Destination Development Association posted an articleWhat are you doing to make your downtown the community’s living room? see more
I’ll never forget one of my first conversations with Michelle Lintz, the former (and now retired) Director of the Rapid City, South Dakota Convention & Visitors Bureau. She had contracted with us to develop a tourism development plan, and I wanted to convince her to focus on the downtown core.
We had secret-shopped the city and surrounding area using our popular Destination Assessment program, and during the Assessment Findings & Suggestions Workshop, I referred to downtown Rapid City as the “hole in the middle of the doughnut.”
Within a 30-minute drive from downtown Rapid City are some of America’s best, most iconic attractions:
- Mt. Rushmore National Monument
- Sturgis, home to the largest motorcycle rally in the world
- Crazy Horse Memorial
- The historic Western town of Deadwood
- The Black Hills, legendary for its gold
- Badlands National Park
- Spearfish Canyon, where Kevin Costner filmed parts of the movie Dances With Wolves
And that’s just the short-list. Rapid City hosts more than four million visitors a year and also owns ”The Great American Road Trip” brand.
What we learned was that visitors would typically spend the night in Rapid City, get up early, and head out to these attractions. When they returned in the evening, downtown was mostly closed, so visitors headed back to their hotels or on to their next road trip destination.
As I was talking to Michelle, I gave her three statistics that helped chart a new course from the “tourism plan” to a “downtown plan.”
- The number one activity of visitors, in the world – not the reason they come, but the top activity once they arrive – is shopping, dining and entertainment in a pedestrian-friendly setting. In fact, this is where eighty percent of non-lodging visitor spending takes place. Why do you think Disney built Downtown Disney outside each of its parks?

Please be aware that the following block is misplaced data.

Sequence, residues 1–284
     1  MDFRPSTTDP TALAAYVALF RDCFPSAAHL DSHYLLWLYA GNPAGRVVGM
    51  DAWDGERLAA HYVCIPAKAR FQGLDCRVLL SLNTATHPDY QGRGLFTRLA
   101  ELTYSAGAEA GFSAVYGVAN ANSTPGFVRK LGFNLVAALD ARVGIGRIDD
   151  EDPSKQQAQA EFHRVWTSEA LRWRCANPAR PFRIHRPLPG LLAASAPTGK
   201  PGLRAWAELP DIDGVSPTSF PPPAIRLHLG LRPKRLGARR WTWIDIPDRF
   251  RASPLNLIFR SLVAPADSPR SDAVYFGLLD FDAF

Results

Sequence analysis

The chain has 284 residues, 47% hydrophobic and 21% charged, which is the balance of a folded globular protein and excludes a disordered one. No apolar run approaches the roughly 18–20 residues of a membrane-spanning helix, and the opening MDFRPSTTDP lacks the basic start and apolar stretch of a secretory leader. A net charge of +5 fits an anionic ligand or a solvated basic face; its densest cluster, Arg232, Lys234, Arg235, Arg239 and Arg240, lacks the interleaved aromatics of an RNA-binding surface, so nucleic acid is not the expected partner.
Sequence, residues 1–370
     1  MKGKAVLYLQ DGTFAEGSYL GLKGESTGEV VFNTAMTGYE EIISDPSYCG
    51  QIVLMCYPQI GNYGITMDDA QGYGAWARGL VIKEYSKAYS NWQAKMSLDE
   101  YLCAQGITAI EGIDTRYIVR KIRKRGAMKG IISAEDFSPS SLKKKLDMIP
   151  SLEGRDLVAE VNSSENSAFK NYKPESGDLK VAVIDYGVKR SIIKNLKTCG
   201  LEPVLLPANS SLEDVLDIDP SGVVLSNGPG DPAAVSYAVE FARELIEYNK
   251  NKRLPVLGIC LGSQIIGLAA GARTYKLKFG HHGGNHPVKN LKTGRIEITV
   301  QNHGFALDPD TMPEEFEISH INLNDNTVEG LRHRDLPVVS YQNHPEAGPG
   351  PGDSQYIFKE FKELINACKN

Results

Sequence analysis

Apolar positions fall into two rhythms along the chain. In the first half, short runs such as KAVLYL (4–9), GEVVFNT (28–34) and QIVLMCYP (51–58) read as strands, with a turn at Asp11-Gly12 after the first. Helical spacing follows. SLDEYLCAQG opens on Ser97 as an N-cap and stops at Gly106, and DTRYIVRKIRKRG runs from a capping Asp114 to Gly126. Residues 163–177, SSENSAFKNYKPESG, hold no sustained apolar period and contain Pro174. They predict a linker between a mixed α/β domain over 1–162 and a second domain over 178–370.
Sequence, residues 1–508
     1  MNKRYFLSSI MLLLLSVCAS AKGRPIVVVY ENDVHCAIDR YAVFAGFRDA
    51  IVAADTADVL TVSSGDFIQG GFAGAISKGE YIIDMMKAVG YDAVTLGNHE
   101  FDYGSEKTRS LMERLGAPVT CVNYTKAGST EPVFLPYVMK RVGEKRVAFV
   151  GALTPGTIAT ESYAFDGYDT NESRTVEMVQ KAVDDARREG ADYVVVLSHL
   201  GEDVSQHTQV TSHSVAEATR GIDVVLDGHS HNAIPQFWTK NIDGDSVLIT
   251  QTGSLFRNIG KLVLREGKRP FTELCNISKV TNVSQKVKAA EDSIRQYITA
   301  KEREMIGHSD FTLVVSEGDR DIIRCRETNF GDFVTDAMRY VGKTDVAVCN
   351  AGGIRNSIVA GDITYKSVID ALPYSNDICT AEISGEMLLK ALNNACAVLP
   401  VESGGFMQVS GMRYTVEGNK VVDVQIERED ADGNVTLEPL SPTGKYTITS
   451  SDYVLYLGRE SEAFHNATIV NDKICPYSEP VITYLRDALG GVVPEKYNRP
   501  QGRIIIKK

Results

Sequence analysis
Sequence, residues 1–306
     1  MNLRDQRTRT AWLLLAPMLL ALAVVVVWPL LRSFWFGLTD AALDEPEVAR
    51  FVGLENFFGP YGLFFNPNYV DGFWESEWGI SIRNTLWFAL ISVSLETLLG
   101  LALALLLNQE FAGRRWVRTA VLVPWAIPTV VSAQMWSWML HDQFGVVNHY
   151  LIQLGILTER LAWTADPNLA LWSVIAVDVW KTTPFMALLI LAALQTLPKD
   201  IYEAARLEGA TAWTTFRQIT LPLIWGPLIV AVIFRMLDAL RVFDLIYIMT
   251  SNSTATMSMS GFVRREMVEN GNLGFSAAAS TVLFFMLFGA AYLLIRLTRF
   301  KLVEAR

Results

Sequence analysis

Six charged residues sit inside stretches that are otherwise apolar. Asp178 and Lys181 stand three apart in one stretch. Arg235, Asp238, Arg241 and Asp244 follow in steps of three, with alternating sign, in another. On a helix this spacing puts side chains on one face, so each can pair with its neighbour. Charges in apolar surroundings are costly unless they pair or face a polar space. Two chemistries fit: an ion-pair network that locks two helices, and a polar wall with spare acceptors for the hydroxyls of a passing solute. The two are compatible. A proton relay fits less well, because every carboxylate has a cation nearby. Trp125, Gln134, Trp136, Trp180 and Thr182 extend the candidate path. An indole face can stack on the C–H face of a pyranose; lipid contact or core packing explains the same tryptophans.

- Seventy-percent of all retail (bricks-and-mortar) spending takes place after 6:00 pm. With tourism, people want to spend the night where there’s life and activity after they return from a day recreating in the area. Additionally, conventions, conferences and trade shows gravitate to places where there are things to do at the end of the day. Is it any wonder that the San Antonio Riverwalk, Orlando, Las Vegas, and large metropolitan areas garner the lion’s share of conventions?
- If locals aren’t hanging out in your downtown, neither will visitors. They go where you go.
Downtown Rapid City is home to the Alex Johnson Hotel, which, at that time, was operating only seasonally with many of the floors permanently closed. The heart of downtown had more than a dozen retail vacancies and a high rate of turnover. Downtown was NOT the place to go hang out, but was generally the place to avoid.
It didn’t take much convincing, and Michelle gave the green light to focus on downtown.
At the top of the recommendations list was the conversion of a 65-space (one-acre) parking lot in the center of downtown to a year-round public plaza to be programmed with at least 250 days of activity each year.